Sitting outside with the pizza cooking and the music of the string band Winter Sessions filtering from the barn, it felt like a dream, a good dream where all my senses are heightened. I can smell the smokiness of all that good food cooking. I can ingest the images fed to me by great poets who care about things like sustainability and land and the small organic farmer in the farm to table mix. If my pictures look fuzzy, it’s because I don’t have the latest and greatest gadget. I have the anti-gadget. Or, it could be because dreams have that kind of fuzzy glow to them, that kind of “yes, it happened but you can’t really prove it” feeling. Well, as it turns it did happen. I hope to spend a little more time out there, perhaps helping my friend Deedra. Word has it she needs helps pulling weeds. I like pulling weeds.

In gratitude

I most likely will not win NaNoWriMo, but I’ve won already. I’ve won in that I have a running start on a new novel, one that has been in my head a year or two, one that I will keep working through in hopes of finishing it a lot sooner than 10 years. That brings me to gratitude. While there is so much rejection in being a writer, there are things that keep us going. I like, especially this week, to focus from time to time on the little steps forward that I am grateful for.

The following is a list of the things I am currently grateful for in this writing life:

1. The many new and old friends I have that inspire me and my writing with their own. This is a solitary pursuit for sure, but there is a community built so steadfastly around it.

2. The seed of a little novel “Sometimes the Smallest Things” was planted ten years ago with immediate encouragement by author Betsy Cox at Bear River Writer’s Conference. I scrapped for bits of time between raising children and working full time in order to massage every word and every scene. That took every bit of ten years. I finally have a full and what for now is a complete manuscript, complete enough to be sending it out into the world. It is getting some notice, so we will see what 2012 brings, but for now I am happy to have completed it.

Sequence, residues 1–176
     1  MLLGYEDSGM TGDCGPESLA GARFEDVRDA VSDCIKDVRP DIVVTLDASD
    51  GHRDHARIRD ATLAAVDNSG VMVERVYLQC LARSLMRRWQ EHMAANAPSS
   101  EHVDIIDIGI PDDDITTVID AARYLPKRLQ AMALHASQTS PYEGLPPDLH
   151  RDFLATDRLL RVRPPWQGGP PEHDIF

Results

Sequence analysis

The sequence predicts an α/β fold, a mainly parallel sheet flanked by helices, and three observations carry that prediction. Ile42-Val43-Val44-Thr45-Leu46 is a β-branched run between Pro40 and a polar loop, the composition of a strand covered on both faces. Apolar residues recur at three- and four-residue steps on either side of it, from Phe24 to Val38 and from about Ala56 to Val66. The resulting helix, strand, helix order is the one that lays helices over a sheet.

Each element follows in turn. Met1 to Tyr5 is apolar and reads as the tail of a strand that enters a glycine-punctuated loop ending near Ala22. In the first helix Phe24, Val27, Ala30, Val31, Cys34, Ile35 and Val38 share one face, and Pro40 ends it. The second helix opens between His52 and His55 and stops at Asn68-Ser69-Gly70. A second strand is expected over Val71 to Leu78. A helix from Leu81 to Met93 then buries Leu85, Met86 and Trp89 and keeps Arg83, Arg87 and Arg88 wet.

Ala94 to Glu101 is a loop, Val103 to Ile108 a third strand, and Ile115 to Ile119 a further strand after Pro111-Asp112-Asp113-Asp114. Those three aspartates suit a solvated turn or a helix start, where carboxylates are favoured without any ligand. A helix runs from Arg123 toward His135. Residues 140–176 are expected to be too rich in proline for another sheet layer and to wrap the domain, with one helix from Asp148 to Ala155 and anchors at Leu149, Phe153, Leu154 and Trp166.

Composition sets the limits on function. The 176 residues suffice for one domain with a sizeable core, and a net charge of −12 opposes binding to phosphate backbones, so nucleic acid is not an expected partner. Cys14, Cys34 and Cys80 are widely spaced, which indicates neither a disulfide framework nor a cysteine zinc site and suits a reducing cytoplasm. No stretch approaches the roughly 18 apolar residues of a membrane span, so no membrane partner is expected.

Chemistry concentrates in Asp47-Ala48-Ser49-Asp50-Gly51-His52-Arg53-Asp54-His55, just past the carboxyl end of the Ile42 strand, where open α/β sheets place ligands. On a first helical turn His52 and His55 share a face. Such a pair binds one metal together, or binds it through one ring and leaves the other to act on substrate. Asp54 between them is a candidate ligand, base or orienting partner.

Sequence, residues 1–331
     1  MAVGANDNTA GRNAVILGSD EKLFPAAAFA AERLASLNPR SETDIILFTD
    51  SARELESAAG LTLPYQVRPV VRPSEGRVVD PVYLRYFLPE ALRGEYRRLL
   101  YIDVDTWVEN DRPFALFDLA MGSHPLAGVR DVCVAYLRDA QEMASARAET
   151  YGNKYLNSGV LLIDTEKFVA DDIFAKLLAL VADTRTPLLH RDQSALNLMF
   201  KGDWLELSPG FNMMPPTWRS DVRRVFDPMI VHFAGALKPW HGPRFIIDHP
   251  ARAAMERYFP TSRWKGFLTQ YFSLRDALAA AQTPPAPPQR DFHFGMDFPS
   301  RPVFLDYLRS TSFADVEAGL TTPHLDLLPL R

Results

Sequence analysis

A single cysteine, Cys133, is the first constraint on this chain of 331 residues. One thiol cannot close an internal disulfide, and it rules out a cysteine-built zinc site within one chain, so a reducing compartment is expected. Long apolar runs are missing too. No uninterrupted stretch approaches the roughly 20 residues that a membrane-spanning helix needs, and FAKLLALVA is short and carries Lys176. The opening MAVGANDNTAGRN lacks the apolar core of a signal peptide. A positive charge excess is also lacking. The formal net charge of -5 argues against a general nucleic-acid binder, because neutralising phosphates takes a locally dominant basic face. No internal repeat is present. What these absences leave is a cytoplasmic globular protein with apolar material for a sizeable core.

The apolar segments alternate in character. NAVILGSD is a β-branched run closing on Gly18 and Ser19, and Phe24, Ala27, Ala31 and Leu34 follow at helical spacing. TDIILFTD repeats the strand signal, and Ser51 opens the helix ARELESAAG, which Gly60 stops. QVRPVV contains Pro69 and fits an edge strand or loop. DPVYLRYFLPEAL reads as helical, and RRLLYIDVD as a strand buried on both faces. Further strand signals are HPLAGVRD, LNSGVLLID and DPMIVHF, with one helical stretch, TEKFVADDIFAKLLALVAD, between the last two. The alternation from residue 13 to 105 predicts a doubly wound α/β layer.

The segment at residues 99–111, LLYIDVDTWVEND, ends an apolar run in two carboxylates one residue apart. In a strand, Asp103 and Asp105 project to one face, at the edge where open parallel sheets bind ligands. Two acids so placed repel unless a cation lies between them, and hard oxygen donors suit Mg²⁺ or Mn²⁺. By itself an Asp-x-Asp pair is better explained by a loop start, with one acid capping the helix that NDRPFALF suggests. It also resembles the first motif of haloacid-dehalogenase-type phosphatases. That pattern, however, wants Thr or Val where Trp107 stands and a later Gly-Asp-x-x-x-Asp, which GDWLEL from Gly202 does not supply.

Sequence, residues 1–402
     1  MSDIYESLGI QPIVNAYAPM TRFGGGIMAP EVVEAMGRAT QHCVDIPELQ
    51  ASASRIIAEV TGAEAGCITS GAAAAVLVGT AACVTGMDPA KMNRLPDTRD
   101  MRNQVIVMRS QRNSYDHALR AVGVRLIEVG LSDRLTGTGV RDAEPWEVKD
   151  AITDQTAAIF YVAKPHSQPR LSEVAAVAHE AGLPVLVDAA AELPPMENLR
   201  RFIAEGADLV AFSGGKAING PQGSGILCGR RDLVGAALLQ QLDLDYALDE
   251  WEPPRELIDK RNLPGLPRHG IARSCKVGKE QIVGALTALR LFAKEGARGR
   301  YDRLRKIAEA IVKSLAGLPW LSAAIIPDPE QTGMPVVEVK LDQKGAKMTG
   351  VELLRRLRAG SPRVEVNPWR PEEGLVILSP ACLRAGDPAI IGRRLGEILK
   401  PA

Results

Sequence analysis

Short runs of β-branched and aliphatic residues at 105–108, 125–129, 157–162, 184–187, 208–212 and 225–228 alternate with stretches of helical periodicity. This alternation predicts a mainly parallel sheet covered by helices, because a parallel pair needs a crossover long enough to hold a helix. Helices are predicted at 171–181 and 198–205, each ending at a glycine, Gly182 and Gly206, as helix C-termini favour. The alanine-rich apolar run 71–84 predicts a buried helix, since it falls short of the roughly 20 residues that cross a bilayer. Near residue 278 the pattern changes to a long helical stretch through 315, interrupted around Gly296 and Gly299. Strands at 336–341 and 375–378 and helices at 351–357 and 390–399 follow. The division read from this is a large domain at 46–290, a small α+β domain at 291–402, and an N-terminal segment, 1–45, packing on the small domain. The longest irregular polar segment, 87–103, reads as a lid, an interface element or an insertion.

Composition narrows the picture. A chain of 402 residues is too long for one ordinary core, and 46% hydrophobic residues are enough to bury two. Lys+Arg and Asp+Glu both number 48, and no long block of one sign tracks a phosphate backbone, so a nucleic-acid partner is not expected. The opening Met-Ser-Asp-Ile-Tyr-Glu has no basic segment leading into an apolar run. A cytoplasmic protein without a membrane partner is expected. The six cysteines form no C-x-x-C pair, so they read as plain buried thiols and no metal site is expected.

3. I have been fortunate to dive into my passions this year. I am teaching, now, which I have longed to do since finishing my MFA. Because I am teaching, I get more time with my writing and my family.

4. This year, I have had some writing success. A couple of my poems appeared in publications. The first was Driftwood 10. The second, which I recently received my contributor’s copy, was a cool little book called Bigger Than They Appear: An Anthology of Very Short Poems.

5. I stay connected with my old writing job by still being able to write  feature articles for the magazine Homefront, my favorite part of the job. I also get to write a poem specific to the center photo spread of each issue.

6. I am able to merge my love of food with my love of words in my online post as the Ann Arbor Cooking Examiner.

7. I am always grateful for my family and the support they give me in pursuit of this crazy ass dream.